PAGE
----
The time of year that you choose to travel makes a big difference to what you encounter along the way.
Of course, there are cultural differences – head to a German city in winter and you’ll get an authentic Christmas market experience and accompanying atmosphere; head to Oslo in July and you’ll find it empty, only to fill up again in August, since Norwegians mostly take their own holidays throughout the whole of July.
And the seasonal weather makes a big difference, too, to what you can do and what you need to pack. But more acutely, changing seasonal weather offers different views and ambiences in sometimes unexpected ways. It might be the quality of light or the way that snow absorbs the city’s sounds; the color associations you take home with you, too, will differ depending whether it’s spring or fall.
The folks at Budget Direct were enchanted by these differences and decided to create a new series of images showing special places around the world in all four seasons at once.
At New York’s Bethesda Terrace, for example, the trees of Central Park tell the story while Calvert Vaux’s stonework keeps stoically constant most of the year round. The familiar greens of the Central Park summer give way to a carpet of orange leaves that brush through the terrace in the fall. In winter, the exposed terrace allows snow to reach just a little between its arches, but those caught in a storm can find ample shelter deeper in the passage. In springtime, the shiny stonework seems to reflect the of the emerging colors beyond.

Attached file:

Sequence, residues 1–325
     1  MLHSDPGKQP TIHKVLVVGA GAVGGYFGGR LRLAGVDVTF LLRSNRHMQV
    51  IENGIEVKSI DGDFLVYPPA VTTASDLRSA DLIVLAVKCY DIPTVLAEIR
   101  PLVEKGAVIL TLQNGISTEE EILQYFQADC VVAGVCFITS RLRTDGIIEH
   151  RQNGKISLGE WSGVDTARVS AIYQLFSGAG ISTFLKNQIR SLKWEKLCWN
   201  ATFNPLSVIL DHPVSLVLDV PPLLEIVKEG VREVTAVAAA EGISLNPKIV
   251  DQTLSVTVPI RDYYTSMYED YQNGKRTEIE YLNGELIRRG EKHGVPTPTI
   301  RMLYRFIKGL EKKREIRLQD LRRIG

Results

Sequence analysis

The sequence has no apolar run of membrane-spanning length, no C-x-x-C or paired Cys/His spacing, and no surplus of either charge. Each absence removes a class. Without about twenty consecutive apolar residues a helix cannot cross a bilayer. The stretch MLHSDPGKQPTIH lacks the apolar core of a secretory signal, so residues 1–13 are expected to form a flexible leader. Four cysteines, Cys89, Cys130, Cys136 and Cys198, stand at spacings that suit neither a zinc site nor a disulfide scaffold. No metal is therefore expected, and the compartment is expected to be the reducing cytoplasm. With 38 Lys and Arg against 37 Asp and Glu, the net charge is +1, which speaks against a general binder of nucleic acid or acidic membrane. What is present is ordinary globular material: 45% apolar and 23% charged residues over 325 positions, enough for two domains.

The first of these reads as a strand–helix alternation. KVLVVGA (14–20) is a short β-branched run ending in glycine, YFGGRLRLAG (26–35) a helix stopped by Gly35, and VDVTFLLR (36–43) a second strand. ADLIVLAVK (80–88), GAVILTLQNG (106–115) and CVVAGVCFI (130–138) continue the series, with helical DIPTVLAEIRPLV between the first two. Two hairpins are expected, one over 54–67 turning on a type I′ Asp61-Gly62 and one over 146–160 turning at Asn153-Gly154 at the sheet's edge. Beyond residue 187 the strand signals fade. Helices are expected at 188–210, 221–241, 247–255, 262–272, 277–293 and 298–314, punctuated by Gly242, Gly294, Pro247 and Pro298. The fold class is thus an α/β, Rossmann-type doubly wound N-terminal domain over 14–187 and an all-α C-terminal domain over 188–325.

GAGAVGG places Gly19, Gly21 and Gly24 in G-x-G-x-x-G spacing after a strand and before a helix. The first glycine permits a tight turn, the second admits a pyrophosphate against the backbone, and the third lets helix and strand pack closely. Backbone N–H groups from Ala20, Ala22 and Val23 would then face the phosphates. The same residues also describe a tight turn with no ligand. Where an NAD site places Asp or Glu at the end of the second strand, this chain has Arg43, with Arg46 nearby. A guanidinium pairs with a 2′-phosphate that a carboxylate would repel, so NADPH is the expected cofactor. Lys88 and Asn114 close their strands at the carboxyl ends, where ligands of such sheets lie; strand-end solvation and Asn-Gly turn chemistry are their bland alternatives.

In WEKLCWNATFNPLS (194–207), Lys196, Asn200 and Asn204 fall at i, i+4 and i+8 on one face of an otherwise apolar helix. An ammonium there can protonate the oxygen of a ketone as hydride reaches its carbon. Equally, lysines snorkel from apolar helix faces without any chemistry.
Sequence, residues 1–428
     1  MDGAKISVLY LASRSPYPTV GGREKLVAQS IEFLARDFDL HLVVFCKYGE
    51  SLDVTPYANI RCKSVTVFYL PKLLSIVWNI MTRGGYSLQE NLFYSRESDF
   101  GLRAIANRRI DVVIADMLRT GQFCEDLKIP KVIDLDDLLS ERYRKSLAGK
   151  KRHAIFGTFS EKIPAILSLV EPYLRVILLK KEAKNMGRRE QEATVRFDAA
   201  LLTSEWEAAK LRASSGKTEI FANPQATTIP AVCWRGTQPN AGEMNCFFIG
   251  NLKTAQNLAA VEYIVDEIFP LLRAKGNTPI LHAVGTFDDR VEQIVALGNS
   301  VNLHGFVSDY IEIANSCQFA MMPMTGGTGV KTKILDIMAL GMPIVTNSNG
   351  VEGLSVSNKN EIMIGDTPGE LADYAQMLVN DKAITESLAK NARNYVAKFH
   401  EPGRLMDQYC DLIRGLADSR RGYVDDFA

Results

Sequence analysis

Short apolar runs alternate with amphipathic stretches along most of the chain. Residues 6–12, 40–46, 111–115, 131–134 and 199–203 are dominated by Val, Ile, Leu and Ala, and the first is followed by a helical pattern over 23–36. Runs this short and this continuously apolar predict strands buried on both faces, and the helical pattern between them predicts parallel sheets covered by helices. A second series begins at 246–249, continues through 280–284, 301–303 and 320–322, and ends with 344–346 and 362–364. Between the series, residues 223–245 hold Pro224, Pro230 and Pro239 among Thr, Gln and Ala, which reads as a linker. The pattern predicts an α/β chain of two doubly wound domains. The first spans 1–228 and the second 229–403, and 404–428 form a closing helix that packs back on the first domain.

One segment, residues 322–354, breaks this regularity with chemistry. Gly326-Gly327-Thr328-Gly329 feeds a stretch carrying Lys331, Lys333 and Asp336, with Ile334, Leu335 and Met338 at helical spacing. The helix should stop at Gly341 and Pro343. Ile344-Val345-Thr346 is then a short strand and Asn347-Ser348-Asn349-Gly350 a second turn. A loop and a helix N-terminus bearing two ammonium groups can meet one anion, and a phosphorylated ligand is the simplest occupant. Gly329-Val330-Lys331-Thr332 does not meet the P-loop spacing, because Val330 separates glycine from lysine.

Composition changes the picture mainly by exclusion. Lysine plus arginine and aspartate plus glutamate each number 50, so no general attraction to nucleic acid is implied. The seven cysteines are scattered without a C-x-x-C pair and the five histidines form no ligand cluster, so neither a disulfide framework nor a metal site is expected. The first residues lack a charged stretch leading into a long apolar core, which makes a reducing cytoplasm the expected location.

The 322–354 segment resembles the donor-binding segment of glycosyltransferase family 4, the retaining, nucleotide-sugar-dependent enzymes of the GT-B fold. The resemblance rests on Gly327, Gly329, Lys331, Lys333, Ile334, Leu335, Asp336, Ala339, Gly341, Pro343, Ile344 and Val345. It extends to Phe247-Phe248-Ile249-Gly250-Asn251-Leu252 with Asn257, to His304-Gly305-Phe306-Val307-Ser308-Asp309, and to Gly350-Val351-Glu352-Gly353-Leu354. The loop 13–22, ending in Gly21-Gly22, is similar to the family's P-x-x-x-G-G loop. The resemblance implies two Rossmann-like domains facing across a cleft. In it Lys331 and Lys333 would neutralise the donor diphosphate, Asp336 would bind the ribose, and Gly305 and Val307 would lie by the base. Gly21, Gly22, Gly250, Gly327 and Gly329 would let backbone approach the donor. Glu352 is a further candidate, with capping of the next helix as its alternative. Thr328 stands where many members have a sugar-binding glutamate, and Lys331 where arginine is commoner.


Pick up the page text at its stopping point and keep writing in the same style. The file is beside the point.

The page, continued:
The difference is far more dramatic at the Elqui Valley Vineyards in Chile. Grown to produce the local brandy, known as pisco, the vines bud, flourish, brown, and wither with the seasons. A backdrop of striking mountainside follows in sympathy, varying between greens and browns in the early months before succumbing to snow in the winter. If you’re planning a wine-tasting trip, June and July are particularly verdant months, with rain cooling the air and turning everything a thirst-quenching shade of green.
The holy shaman island of Olkhon in Lake Baikal, Russia, features an understated site comprised of twin marble peaks, known as Shamanka or Shaman’s Rock. Surrounded by multiple forms of nature, the differences between the seasons are pronounced, particularly since the lake freezes over in cold weather. Shamans from across Russia make the pilgrimage to the rock, which is believed to be a beacon of shamanic energy.
And the 2nd-century Roman amphitheater of Plovdiv, Bulgaria is a wonderful place to find deep, long-distance views across the city to the mountains – and back through time! The theater was re-discovered and relaunched following a landslide forty years ago and, being open air, is an excellent way to convene with the elements while you take in a show.
There’s no need to wait for tourist season to book a trip if your senses are tuned to the magic the different seasons bring. What is your best experience of a wonderful location in an unlikely season of the year?